The Emory project was given to us two weeks ago; we are designing the office of the University architect at Emory University in Atlanta. Most of the quad is neo-classical stucco or stone buildings, except for the Cannon Chapel done in a modern brutalist manner by Paul Rudolph, and a post-modern influenced building by Michael Graves. These buildings are directly on axis with each other, in a kind of dialogue because of their shared axis and because of how different they are. And our site is right in the middle of those two in their dialogue.
While looking at the project, I was thinking about the role of the campus architect, I thought about the edges in the quad, and the need to define edges–in the quad, the far side from the site is more linear, keeping what is basically a single edge, even though the buildings may move a little forward or backward from that line. The other side of the quad steps away from the center with several different edges. I was also trying to be cognizant of the fact that the site is a major circulation center, and the architect must be in touch with the “nervous system” of the site. My solution was to keep the edge, but to make it a permeable edge, by creating a loggia.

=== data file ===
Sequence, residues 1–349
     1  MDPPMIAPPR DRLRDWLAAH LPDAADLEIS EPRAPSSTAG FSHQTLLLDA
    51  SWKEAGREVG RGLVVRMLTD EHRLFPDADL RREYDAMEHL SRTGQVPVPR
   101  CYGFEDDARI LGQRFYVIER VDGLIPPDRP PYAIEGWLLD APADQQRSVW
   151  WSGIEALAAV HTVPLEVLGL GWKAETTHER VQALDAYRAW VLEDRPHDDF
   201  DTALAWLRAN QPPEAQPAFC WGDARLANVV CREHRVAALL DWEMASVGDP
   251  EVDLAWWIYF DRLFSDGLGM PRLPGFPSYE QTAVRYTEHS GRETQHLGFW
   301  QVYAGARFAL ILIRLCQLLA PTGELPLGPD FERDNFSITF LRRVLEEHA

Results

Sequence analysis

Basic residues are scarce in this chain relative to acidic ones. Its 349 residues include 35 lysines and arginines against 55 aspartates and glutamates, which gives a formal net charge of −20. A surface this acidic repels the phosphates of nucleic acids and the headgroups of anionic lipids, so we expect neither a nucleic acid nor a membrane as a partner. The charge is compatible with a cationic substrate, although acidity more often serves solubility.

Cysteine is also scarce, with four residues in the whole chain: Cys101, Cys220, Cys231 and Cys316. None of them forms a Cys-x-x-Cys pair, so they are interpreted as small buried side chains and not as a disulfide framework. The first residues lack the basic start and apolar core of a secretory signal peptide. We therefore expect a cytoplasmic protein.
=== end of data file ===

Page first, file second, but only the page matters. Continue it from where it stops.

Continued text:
These drawings were for a preliminary review, a chance to gauge our concepts against another professor before our final reviews.